while every other Gospel simply copied and reworked the first one? Why is every detail
in the Gospel story of Jesus’ trial and crucifixion drawn from passages in the First
Testament?
10.
In this regard Du Toit, pp. 275-279, elaborated especially (but not exclusively) on
Ferdinand Hahn’s “Methodologische Überlegungen zur Rückfrage nach Jesus” (1974).
11.
See Du Toit, A.B. 1988, p. 279.
12.
Cf. Du Toit, A.B. 1988, p. 280.
13.
Du Toit, A.B. 1988, pp. 282-286.
14.
Perrin, N. 1967, Rediscovering the Teaching of Jesus; Bornkamm, G. 1975, Jesus of
Nazareth; Käsemann, E. 1954, “Das Problem des historischen Jesus”; Jeremias, J. 1964,
The Problem of the Historical Jesus.
15.
Hooker, M. 1972, “On Using the Wrong Tool”; see also Du Toit, A.B. 1988, pp. 286287.
16.
Keck, L.E. [1971] 1981, A Future For the Historical Jesus: The Place of Jesus in
Preaching and Theology.
17.
Cf. Wright, N.T. 1999, “Knowing Jesus: Faith and History,” pp. 15-27; Stanton, G.N.
1989, The Gospels and Jesus; Stanton, G.N. 1994, “Jesus of Nazareth: A Magician and a
False Prophet Who Deceived God’s People?,” pp. 164-180.
18.
See, e.g., the conversation between Marcus Borg and Thomas Wright. Cf. Borg, M.J.
1999, “Seeing Jesus: Sources, Lenses, and Method,” pp. 3-14.
19.
Cf. Du Toit, A.B. 1988, p. 288.
20.
Stuhlmacher, P. 1975, Schriftauslegung auf dem Wege zur biblischen Theologie, pp. 14ff.
21.
Theissen, G. 1974, Urchristliche Wundergeschichte: Ein Beitrag zur formgeschichtliche
Erforschung der synoptischen Evangelien, pp. 38-41.
86
22.
Berger, P.L. & Luckmann, T. 1967, The Social Construction of Reality: A Treatise in the
Sociology of Knowledge, pp. 174-180.
23.
Funk, R.W. 1992, “Demons, Identity and Worldview,” p. 15.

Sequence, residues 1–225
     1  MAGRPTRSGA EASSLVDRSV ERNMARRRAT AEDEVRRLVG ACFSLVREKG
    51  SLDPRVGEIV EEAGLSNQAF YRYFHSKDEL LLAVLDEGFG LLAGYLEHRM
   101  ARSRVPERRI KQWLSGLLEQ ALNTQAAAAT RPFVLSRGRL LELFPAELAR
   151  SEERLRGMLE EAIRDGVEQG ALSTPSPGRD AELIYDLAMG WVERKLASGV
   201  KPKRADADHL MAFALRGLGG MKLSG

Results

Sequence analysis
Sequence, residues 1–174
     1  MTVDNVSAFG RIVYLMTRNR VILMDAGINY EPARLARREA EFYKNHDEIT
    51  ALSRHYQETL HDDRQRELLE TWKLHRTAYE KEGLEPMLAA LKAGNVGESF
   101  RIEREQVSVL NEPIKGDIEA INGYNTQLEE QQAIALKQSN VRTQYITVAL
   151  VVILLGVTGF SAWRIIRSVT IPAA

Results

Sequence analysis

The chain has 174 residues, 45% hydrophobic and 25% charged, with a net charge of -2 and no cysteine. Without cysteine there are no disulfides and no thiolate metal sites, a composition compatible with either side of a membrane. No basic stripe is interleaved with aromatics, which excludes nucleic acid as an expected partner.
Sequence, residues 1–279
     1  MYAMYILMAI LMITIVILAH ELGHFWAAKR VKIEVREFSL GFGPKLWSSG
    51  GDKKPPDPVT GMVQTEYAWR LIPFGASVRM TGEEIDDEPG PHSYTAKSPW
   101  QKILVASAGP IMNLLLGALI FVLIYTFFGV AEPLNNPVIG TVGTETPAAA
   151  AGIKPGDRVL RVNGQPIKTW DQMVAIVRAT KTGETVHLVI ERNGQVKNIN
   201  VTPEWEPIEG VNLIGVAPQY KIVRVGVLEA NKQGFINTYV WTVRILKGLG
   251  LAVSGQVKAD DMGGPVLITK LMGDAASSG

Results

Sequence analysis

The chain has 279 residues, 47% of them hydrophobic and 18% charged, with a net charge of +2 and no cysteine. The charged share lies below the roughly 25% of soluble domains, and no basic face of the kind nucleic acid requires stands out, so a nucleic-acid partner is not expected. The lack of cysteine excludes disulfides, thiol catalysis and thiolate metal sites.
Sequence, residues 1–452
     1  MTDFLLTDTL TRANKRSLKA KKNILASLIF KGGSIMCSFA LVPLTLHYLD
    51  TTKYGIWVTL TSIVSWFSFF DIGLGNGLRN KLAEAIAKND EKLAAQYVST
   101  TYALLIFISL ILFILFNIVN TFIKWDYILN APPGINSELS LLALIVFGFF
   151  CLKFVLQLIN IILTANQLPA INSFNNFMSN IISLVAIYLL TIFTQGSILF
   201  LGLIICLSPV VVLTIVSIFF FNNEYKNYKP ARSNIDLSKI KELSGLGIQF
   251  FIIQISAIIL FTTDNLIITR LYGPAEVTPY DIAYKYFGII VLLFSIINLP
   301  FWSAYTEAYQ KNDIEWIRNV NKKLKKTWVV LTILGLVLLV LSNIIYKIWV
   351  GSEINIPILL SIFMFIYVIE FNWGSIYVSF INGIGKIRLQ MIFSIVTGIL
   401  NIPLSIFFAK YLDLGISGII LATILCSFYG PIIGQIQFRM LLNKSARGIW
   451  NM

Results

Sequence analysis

24.
Cf.Crossan, J.D. 1991, The Historical Jesus: The Life of a Mediterranean Jewish
Peasant.
25.
Cf. Van Aarde, A.G. 1989, “‘He has Risen from the Dead’ (Mt 28:7): A Textual
Evidence on the Separation of Judaism and Christianity,” p. 220.
26.
E.g. Lenski, G., Lenski, J. & Nolan, P. [1970] 1991, Human Societies: An Introduction to
Macrosociology, pp. 195-196.
27.
Funk, R.W. 1990, “Criteria For Determining the Authentic Sayings of Jesus,” p. 10.
28.
Funk, R.W. 1990, “Criteria For Determining the Authentic Sayings of Jesus,” pp. 8-10.
29.
Cf. Crossan, J.D. 1991, The Historical Jesus: The Life of a Mediterranean Jewish
Peasant, pp. 429, 430.
30.
Fortna, R.T. 1988, The Fourth Gospel and Its Predecessor: From Narrative Source to
Present Gospel; Von Wahlde, U.C. 1989, The Earliest Version of John’s Gospel:
Recovering the Gospel of Signs.
31.
Cf. Crossan, J.D. 1991, The Historical Jesus, p. 431.
32.
Wright, N.T. 1992, The New Testament and the People of God, Volume One: Christian
Origins and the Question of God, pp. 10, 11, 18, 27, 32-46, 60, 61-64, 88-98, 101-102,
468; Wright, N.T. 1992, Who was Jesus?, p. 13; Meyer, B. 1979, The aims of Jesus;
Meyer, B. 1992, “Jesus Christ,” in Anchor Bible Dictionary, Vol. 3, pp. 773-796.
33.
Weber, M. 1949, Max Weber on the Methodology of the Social Sciences.
34.
Borg, M.J. 1988, “A Renaissance in Jesus Studies,” p. 281.
35.
Vorster, W.S. (with Botha, P.J.J.) 1992, “The Jewishness of Jesus: Presuppositions and
the Historical Study of the New Testament,” p. 22.
36.
Cf. Wright, N.T. 1992, Who was Jesus?, p. 6.
37.
Cf. Breech, J. 1989, Jesus and Postmodernism; Breech, J. 1983, The Silence of Jesus:
The Authentic Voice of the Historical Man.
38.
Cf. Hamilton, W. 1994, A Quest for the Post-Historical Jesus.
39.
Borg, M.J. 1991, “Portraits of Jesus in Contemporary North American Scholarship,” p.
15.
40.
Borg, M.J. 1988, “A Renaissance in Jesus Studies,” p. 285.